COVID-19 UF stadium

Football gamedays in the fall are an important part of Gainesville’s culture. The tailgating, the sea of orange and blue, the rowdy fans and the spectacle of watching football with 90,000 other fans are all part of the college football experience.

However, with the COVID-19 pandemic affecting people around the world, it’s guaranteed that won’t happen this year. At least, not at full capacity.

Last week, Scott Stricklin, UF’s athletic director, mentioned in a Zoom conference the possibility of having fans in the stands.

“My guess is if you were looking at a strictly six-foot social distancing scenario with fans in the Swamp you're looking at 15-20,000,” he said. “Maybe you can get close to 25,000 fans, but it's a much different number than what we're accustomed to."

Schools like Texas, Ohio State and Iowa State have announced their plans to hold games in front of reduced crowds.

But with Florida having over 75,000 cases of COVID-19 in the last week according to the Centers for Disease Control—the most out of any state in the country—there are questions about safety and public health that come with hosting large events during a pandemic.

Joshua Weitz, a professor in the School of Biological Sciences at Georgia Tech, and his team created the COVID-19 Event Risk Assessment Tool, which estimates the odds of at least one person at an event having COVID-19. Currently, there’s a 98 percent chance that at least one person has the virus at a 100-person event in Alachua County.

“Although outdoor events are generally less risky than indoor events, fans must access their outdoors seats via indoor spaces, leading to crowding, extended periods indoors, many opportunities for touching the same surface, etc.,” Weitz wrote in an email. “The failure to control COVID-19 levels and the fact that Florida is a hotspot for infection means that planning a massive sports event now is a terrible idea.”

Stricklin didn’t elaborate on how attendance would work in regards to how tickets would be dispersed or what guidelines would be in place. The UAA is still working on various models for different scenarios in the fall, according to UAA spokesperson Steve McClain.

Aside from the sheer volume of people in one area, there are also concerns surrounding social distancing, travel and how people can still end up in crowded areas, such as entering and exiting the stadium. While social distancing is usually understood to be six feet, some might say that might not be enough in this case.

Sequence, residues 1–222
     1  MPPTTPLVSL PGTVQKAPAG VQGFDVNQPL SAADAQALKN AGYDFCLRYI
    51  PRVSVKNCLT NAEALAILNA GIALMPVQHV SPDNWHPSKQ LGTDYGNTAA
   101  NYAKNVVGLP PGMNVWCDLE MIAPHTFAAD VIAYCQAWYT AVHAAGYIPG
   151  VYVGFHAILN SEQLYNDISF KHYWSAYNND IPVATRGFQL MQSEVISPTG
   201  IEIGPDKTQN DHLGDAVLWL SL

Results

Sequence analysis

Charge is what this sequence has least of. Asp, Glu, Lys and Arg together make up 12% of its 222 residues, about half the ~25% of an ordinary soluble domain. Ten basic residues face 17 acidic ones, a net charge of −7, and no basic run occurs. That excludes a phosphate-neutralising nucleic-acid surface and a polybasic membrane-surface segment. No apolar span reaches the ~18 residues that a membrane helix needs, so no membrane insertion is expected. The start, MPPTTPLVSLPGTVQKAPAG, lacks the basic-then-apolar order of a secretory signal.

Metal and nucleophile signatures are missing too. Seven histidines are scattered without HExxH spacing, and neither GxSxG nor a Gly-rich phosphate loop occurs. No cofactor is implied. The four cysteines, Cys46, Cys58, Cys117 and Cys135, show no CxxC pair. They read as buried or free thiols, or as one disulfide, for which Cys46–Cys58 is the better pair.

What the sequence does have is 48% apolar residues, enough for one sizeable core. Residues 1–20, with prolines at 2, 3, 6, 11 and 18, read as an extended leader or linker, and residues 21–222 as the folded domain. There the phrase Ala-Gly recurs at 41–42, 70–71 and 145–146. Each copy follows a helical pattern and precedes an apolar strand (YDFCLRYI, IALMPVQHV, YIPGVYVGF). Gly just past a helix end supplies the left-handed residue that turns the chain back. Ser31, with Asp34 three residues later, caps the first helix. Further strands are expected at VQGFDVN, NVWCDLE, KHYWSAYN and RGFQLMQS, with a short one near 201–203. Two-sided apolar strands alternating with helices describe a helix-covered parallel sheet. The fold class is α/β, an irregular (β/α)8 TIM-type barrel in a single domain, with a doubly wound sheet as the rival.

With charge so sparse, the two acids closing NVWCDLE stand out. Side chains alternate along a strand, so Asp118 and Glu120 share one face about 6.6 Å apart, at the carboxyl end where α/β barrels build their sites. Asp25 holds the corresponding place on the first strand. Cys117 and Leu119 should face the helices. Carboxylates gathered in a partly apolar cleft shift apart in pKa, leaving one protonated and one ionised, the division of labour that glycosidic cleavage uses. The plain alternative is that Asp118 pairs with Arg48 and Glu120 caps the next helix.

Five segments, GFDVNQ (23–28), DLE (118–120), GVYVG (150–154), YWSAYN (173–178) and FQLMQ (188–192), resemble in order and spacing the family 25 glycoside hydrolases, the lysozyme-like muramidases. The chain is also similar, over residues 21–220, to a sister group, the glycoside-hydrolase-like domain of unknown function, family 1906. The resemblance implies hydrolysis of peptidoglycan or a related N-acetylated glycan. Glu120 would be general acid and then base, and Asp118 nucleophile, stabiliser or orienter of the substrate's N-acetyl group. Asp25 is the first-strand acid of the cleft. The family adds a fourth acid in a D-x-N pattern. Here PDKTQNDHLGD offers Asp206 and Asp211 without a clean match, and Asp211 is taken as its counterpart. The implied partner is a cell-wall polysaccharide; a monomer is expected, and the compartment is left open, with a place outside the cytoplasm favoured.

“Given that people tend to believe that these kind of viruses are airborne and also in sports events like a football game, where people will be excited and maybe cheering or yelling, I would just say that six feet is a little bit of a concern,” Yang Yang, an associate professor in UF’s department of biostatistics, said. “If you wanted me to give you a number, I would say either nine feet or above. Or, six feet may be okay, but wearing a mask is probably a must.”

Yang said that the mask requirement could be difficult because wearing them for long periods of time—college football games are usually about 3.5 hours—could be uncomfortable, especially in the Florida heat.

Natalie Dean, associate professor in UF’s department of biostatistics, echoed Yang’s concerns about possible transmission during a game.

“My concern is with people yelling because football involves a lot of cheering from the fans,” Dean said. “It’s lower risk outside, but it’s higher risk because you’re yelling.”

Another issue that Yang brought up was the issue of traveling fans. Fans could either unknowingly spread it to others in attendance or catch it at the game and bring it home. Games could also expose students to the virus as well.

Yang recommended that the entering and exiting processes be extremely streamlined and guided by staff to ensure that they are done carefully to avoid crowding.

Problems can also arise from other ways that fans could come into contact with each other, primarily in areas like concessions and bathrooms, according to Dean.

She added that, ultimately, she’s more concerned about needs that are more important than hosting football games because of the recent increase in cases.

“Given the state of the epidemic in Florida right now, it’s hard for me to imagine how this could be done safely,” she said. “We have a lot of big things we need to deal with to get the numbers under control.”

There are ways to minimize the risk of transmission as much as possible in addition to the mask requirement and social distancing, with Dean suggesting that fans stay home if they feel any symptoms.

But she pointed out that that could be difficult because fans could still spread it to others as an asymptomatic carrier or lie about not having any symptoms.

“It’s difficult because you’re going to tell people not to come if they’re feeling any symptoms,” Dean said. “But then there becomes this sort of perverse incentive then for people to not reveal that maybe they have a sore throat because they want to go to a football game.”

But UF and other schools might not have a choice when it comes to admitting fans for games if they happen. Schools across the country are cutting some of their sports teams in order to avoid losing more money, such as when Stanford announced earlier this month they would cut 11 of its 36 teams after the 2020-21 academic year. Athletic departments across the country may be forced to have fans regardless of the risk involved in order to recoup revenue.

“If we don’t have to do this, I would suggest not doing this,” Yang said. “If we have to do this or the university decides to do this, I think it’s important to have rules for how this is going be arranged and have something ready to facilitate contact tracing if people are identified with cases later.”

Follow Brendan on Twitter @Bfarrell727 and contact him at [email protected].